THE PENINSULA’S FREE CLASSIFIEDS WEBSITE TO RESPOND TO ADS WITHOUT PHONE NUMBERS GO TO WWW.FOGSTER.COM is to attend the scheduled sale. Date: July 11, 2017 MTC Financial Inc. dba Trustee Corps TS No. CA08005568-141S 17100 Gillette Ave Irvine, CA 92614 Phone:949-252-8300 TDD: 866-660-4288 Stephanie Hoy, Authorized Signatory SALE INFORMATION CAN BE OBTAINED ONLINE AT www.Auction.com FOR AUTOMATED SALES INFORMATION PLEASE CALL: Auction.com at 800.280.2832 Trustee Corps may be acting as a debt collector attempting to collect a debt. Any information obtained may be used for that purpose.ISL Number 32838, Pub Dates: 07/19/2017, 07/26/2017, 08/02/2017, THE ALMANAC NOTICE OF PETITION TO ADMINISTER ESTATE OF: RICHARD ALAN STEPHENS AKA RICHARD A. STEPHENS CASE NO. 17PRO00724 To all heirs, beneficiaries, creditors, contingent creditors, and persons who may otherwise be interested in the WILL or estate, or both of RICHARD ALAN STEPHENS AKA RICHARD A. STEPHENS. A PETITION FOR PROBATE has been filed by SUSANNE STEPHENS in the Superior Court of California, County of SAN MATEO. THE PETITION FOR PROBATE requests that SUSANNE STEPHENS be appointed as personal representative to administer the estate of the decedent. THE PETITION requests the decedent’s WILL and codicils, if any, be admitted to probate. The WILL and any codicils are available for examination in the file kept by the court. THE PETITION requests authority to administer the estate under the Independent Administration of Estates Act . (This authority will allow the personal representative to take many actions without obtaining court approval. Before taking certain very important actions, however, the personal representative will be required to give notice to interested persons unless they have waived notice or consented to the proposed action.) The independent administration authority will be granted unless an interested person files an objection to the petition and shows good cause why the court should not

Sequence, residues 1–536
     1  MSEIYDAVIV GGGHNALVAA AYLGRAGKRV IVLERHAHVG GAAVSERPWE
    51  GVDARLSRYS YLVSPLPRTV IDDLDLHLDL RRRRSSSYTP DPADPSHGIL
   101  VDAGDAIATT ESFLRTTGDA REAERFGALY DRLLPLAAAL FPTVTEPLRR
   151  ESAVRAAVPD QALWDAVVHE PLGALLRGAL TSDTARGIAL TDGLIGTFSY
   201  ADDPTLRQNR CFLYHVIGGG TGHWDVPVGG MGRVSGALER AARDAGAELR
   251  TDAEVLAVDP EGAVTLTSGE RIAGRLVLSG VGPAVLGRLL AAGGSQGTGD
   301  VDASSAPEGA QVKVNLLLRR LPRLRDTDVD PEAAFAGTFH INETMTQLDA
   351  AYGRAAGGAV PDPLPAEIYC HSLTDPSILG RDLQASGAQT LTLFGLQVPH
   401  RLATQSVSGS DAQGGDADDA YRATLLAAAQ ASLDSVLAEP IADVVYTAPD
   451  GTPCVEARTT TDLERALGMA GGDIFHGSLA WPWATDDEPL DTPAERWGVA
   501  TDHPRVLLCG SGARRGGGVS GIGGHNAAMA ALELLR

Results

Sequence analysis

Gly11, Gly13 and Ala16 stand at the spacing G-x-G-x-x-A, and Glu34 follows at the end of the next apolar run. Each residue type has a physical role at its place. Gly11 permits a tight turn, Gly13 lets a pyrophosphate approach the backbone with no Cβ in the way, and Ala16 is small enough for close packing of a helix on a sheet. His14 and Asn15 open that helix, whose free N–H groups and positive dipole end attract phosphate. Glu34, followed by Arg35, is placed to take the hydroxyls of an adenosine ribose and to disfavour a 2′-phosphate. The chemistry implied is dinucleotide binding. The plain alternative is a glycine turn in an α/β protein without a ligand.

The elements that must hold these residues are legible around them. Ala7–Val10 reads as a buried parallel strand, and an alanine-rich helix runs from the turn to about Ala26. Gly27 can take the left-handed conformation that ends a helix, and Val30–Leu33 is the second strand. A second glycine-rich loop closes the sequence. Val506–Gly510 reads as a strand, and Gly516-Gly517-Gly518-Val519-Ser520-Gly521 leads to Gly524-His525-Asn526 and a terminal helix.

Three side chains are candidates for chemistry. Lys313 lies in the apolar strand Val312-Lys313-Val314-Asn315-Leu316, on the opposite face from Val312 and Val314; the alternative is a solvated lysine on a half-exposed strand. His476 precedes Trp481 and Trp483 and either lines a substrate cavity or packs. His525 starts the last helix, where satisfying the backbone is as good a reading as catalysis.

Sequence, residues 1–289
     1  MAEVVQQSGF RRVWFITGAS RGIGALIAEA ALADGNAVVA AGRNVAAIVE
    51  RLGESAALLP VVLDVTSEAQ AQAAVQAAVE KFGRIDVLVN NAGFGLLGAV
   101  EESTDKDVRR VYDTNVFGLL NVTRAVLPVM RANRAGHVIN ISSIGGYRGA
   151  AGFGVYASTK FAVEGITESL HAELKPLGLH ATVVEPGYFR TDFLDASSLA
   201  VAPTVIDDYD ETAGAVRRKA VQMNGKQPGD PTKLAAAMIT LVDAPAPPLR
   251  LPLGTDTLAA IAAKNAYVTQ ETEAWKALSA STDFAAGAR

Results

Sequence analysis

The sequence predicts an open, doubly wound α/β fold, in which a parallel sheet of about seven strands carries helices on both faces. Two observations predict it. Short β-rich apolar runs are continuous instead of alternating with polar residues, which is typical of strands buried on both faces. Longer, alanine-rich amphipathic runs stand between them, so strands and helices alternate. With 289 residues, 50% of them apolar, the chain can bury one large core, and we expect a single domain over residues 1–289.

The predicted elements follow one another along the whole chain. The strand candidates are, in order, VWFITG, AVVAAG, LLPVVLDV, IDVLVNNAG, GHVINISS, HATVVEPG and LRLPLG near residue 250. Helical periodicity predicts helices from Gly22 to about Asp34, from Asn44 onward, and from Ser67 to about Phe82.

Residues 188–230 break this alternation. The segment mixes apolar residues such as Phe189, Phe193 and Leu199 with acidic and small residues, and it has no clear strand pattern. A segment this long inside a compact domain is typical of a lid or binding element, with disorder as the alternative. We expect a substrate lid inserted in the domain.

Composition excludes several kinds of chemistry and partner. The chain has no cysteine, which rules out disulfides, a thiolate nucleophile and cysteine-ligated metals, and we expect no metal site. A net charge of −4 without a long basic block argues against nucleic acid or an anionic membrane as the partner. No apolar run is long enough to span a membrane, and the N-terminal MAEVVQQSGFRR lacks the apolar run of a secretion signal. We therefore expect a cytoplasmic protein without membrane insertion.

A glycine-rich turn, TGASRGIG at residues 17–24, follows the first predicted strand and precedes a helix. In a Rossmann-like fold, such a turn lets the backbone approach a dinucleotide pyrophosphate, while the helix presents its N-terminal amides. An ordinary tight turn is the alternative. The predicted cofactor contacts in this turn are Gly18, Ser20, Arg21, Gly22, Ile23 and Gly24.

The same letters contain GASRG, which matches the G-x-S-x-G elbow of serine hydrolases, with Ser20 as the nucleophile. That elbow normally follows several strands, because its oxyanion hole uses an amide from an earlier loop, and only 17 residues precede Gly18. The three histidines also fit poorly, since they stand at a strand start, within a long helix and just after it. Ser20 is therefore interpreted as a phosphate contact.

grant the authority. A HEARING on the petition will be held in this court as follows: 08/16/17 at 9:00AM in Dept. 28 located at 400 COUNTY CENTER, REDWOOD CITY, CA 94063 IF YOU OBJECT to the granting of the petition, you should appear at the hearing and state your objections or file written objections with the court before the hearing. Your appearance may be in person or by your attorney. IF YOU ARE A CREDITOR or a contingent creditor of the decedent, you must file your claim with the court and mail a copy to the personal representative appointed by the court within the later of either (1) four months from the date of first issuance of letters to a general personal representative, as defined in section 58(b) of the California Probate Code, or (2) 60 days from the date of mailing or personal delivery to you of a notice under section 9052 of the California Probate Code. Other California statutes and legal authority may affect your rights as a creditor. You may want to consult with an attorney knowledgeable in California law. YOU MAY EXAMINE the file kept by the court. If you are a person interested in the estate, you may file with the court a Request for Special Notice (form DE-154) of the filing of an inventory and appraisal of estate assets or of any petition or account as provided in Probate Code section 1250. A Request for Special Notice form is available from the court clerk. Attorney for Petitioner LYA R. KINGSLAND, ESQ. ASTOR & KINGSLAND LLP 1851 E. FIRST ST., #1220 SANTA ANA, CA 92705 7/19, 7/26, 8/2/17 CNS-3031764# THE ALMANAC